In Narang Overseas Pvt. Ltd vs. ITAT 295 ITR 22 (Bom) the Bombay High Court agreed with the assessees and held that the power to grant stay or interim relief was inherent and not defeated by the Third Proviso to section 254 (2A). It was held that the Third Proviso was a limitation on the power of the Tribunal to continue the stay only where the hearing of the appeal had been delayed for acts attributable to the assessee. It was held that if the delay was due to the department seeking incessant adjournments or the Tribunal’s inability to take up the hearing, stay of demand could not be denied to the assessee.

Well this verdict must have had the wise men of South Block fuming so now they amended the Third Proviso by the Finance Act, 2008 w.e.f. 1-10-2008 to provide that it did not matter that the assessee was as innocent as a lamb. The stay had to be vacated on the expiry of 365 days. Come what may. Period! This time, the draftsman had learnt his lesson and used the plainest language possible: “...the order of stay shall stand vacated after the expiry of 365 days even if the delay in disposing of the appeal is not attributable to the assessee” the provision declared solemnly.

Well the department proposes and the department disposes.

In Ronak Industries Ltd (S.A. No. 137/M/09 dated 22.05.2009), the Tribunal granted stay, relying on Narang Overseas P. Ltd 295 ITR 22 (Bom), beyond the period of 365 days by an order dated 22.05.2009 even after the amendment made with effect from 1.10.2008 .

Did anyone point out to the Tribunal that Narang Overseas was no longer good law? Well, nobody knows.


One can well imagine the scenario in the Court room when the matter must have been called out for hearing. The department’s advocate must have hurriedly opened the brief at the last moment and rushed to see what the Tribunal had said. He must have let out a gasp of relief at noting that the Tribunal had followed the High Court’s verdict in Narang Overseas and blurted out excitedly “My Lord, the issue is covered against the department”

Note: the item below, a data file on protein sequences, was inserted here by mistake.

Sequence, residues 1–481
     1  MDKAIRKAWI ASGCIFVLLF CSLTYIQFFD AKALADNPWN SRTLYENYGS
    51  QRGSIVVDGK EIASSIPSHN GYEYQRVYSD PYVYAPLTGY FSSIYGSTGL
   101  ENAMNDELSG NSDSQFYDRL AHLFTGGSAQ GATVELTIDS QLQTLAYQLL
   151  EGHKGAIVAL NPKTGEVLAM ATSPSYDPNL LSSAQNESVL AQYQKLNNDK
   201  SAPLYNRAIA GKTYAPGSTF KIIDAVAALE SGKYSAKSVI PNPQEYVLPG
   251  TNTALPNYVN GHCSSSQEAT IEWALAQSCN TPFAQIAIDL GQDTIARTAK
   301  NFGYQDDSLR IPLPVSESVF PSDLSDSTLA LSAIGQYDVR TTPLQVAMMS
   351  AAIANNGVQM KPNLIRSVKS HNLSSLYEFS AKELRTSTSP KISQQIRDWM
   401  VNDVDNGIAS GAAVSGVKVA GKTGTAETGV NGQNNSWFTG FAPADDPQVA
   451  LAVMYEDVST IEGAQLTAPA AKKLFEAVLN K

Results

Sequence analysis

Anyway, whatever may be said of the departmental representative who appeared before the Tribunal in Ronak Industries, the department’s counsel who drafted the appeal to the High Court against the order in Ronak Industries was diligent. He formulated a specific question referring to the Third Proviso to section 254(2A) and complained that the Tribunal was wrong in ignoring that provision and relying on Narang Overseas. Of course, on what basis an appeal under section 260A was filed against an order on a stay application is a mystery in itself!

Well, a job well begun is half done but you to have pay attention to finishing the job as well. One can well imagine the scenario in the Court room when the matter must have been called out for hearing. The department’s advocate must have hurriedly opened the brief at the last moment and rushed to see what the Tribunal had said. He must have let out a gasp of relief at noting that the Tribunal had followed the High Court’s verdict in Narang Overseas and blurted out excitedly “My Lord, the issue is covered against the department by the judgement of your Lordships. The appeal may please be dismissed”.